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Article: The Beothukis/Culmofrons problem and its bearing on Ediacaran macrofossil taxonomy: evidence from an exceptional new fossil locality

Palaeontology - Vol. 59 Part 1 - Cover Image
Publication: Palaeontology
Volume: 59
Part: 1
Publication Date: January 2016
Page(s): 45 58
Author(s): Alexander G. Liu, Jack J. Matthews and Duncan McIlroy
Addition Information

How to Cite

LUI, A.G., MATTHEWS, J.J, MCLLROY, D. 2016. The Beothukis/Culmofrons problem and its bearing on Ediacaran macrofossil taxonomy: evidence from an exceptional new fossil locality. Palaeontology, 59, 1, 45-58.

Author Information

  • Alexander G. Liu - School of Earth Sciences, University of Bristol, Bristol, UK
  • Jack J. Matthews - Department of Earth Sciences, University of Oxford, Oxford, UK
  • Duncan McIlroy - Department of Earth Sciences, Prince Philip Drive, Memorial University of Newfoundland, St. John's, NL, Canada

Publication History

  • Issue published online: 18 DEC 2015
  • Article first published online: 15 OCT 2015
  • Manuscript Accepted: 4 SEP 2015
  • Manuscript Received: 15 APR 2015

Funded By

Natural Environment Research Council. Grant Numbers: NE/J5000045/1, NE/L011409/1
Cambridge Philosophical Society
National Geographic Global Exploration Fund. Grant Number: GEFNE22-11

Online Version Hosted By

Wiley Online Library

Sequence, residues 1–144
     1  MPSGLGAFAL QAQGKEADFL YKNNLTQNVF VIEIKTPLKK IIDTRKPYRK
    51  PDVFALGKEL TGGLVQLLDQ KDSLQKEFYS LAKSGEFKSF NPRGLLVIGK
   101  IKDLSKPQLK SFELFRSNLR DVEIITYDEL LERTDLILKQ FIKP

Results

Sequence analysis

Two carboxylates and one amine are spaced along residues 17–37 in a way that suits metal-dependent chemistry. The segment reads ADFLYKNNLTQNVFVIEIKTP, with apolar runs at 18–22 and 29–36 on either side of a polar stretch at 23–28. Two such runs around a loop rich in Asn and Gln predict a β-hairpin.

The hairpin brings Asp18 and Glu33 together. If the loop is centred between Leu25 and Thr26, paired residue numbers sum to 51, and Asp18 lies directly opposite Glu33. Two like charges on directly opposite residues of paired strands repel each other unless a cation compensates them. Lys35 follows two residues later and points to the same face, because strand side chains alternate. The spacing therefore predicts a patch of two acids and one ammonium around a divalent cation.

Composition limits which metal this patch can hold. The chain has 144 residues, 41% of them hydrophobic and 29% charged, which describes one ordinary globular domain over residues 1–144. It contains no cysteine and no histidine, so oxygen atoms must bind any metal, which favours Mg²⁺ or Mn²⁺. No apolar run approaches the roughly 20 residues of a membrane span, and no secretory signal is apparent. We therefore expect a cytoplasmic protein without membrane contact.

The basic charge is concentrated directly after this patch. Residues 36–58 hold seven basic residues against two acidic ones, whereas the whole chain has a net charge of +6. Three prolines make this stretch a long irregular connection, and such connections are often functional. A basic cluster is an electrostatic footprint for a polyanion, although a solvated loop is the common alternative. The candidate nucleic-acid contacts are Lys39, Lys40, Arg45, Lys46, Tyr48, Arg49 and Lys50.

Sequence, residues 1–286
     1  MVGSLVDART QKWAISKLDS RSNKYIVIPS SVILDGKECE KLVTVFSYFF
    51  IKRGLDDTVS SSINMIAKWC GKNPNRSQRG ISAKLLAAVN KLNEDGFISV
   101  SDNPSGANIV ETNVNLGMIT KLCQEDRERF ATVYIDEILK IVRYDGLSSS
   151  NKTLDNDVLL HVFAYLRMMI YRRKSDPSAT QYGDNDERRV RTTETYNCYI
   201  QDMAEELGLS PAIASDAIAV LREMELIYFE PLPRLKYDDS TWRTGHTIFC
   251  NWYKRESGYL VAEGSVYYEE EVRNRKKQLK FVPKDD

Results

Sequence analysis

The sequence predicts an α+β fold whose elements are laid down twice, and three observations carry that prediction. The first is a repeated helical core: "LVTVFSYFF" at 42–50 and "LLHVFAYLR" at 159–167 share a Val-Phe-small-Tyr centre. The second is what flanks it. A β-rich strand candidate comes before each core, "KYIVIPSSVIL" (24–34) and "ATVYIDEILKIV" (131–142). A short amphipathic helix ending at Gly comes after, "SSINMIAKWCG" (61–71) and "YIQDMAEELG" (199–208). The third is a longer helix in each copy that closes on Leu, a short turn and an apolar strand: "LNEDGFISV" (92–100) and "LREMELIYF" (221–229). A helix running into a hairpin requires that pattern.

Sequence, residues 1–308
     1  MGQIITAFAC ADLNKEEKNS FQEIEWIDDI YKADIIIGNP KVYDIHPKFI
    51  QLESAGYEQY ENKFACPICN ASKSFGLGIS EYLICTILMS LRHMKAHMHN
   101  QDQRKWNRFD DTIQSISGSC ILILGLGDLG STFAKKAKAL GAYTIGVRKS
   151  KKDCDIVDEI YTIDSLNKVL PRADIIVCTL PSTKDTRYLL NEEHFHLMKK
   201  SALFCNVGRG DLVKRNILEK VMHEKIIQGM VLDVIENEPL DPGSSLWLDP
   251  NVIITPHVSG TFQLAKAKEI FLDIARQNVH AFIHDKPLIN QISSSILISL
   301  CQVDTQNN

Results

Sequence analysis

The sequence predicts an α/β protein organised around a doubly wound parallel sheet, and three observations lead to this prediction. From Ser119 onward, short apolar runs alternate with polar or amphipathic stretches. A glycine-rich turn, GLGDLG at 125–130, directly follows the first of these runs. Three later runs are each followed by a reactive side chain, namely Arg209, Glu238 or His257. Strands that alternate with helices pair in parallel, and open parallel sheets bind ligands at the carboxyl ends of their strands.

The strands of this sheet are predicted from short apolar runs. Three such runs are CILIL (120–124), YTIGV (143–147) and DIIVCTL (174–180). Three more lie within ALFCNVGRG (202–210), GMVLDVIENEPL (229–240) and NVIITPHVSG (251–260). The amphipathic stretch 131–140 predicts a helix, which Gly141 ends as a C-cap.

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The late Ediacaran siliciclastic successions of eastern Newfoundland, Canada, are renowned for their fossils of soft-bodied macro-organisms, which may include some of the earliest animals. Despite the potential importance of such fossils for evolutionary understanding, the taxonomic framework within which Ediacaran macrofossils are described is not clearly defined. Rangeomorphs from a newly discovered fossil surface on the Bonavista Peninsula, Newfoundland, require us to reconsider contemporary use of morphological characters to distinguish between genera and species within Ediacaran taxa. The new surface exhibits remarkable preservational fidelity, resolving features smaller than 0.1 mm in dimension in both frondose and non-frondose taxa. Such preservation permits the recognition of rarely observed fourth- and fifth-order rangeomorph branching, offering unparalleled opportunities to investigate the fine-scale construction of rangeomorph taxa including Culmofrons plumosa Laflamme et al., 2012. Our observations enable resolution of taxonomic issues relating to rangeomorphs, specifically overlap between the diagnoses of the frondose genera Beothukis Brasier and Antcliffe, 2009 and Culmofrons. We propose a taxonomic framework for all Ediacaran macrofossils whereby gross architecture, the presence/absence of discrete morphological characters and consideration of growth programme are used to distinguish genera, whereas morphometric or continuous characters define taxa at the species level. On the basis of its morphological characters, Culmofrons plumosa is herein synonymized to a species (Beothukis plumosa comb. nov.) within the genus Beothukis. This discussion emphasizes the need to standardize the taxonomic approach used to describe Ediacaran macrofossil taxa at both the genus and species levels, and raises important considerations for future formulation of higher-level taxonomic groups.

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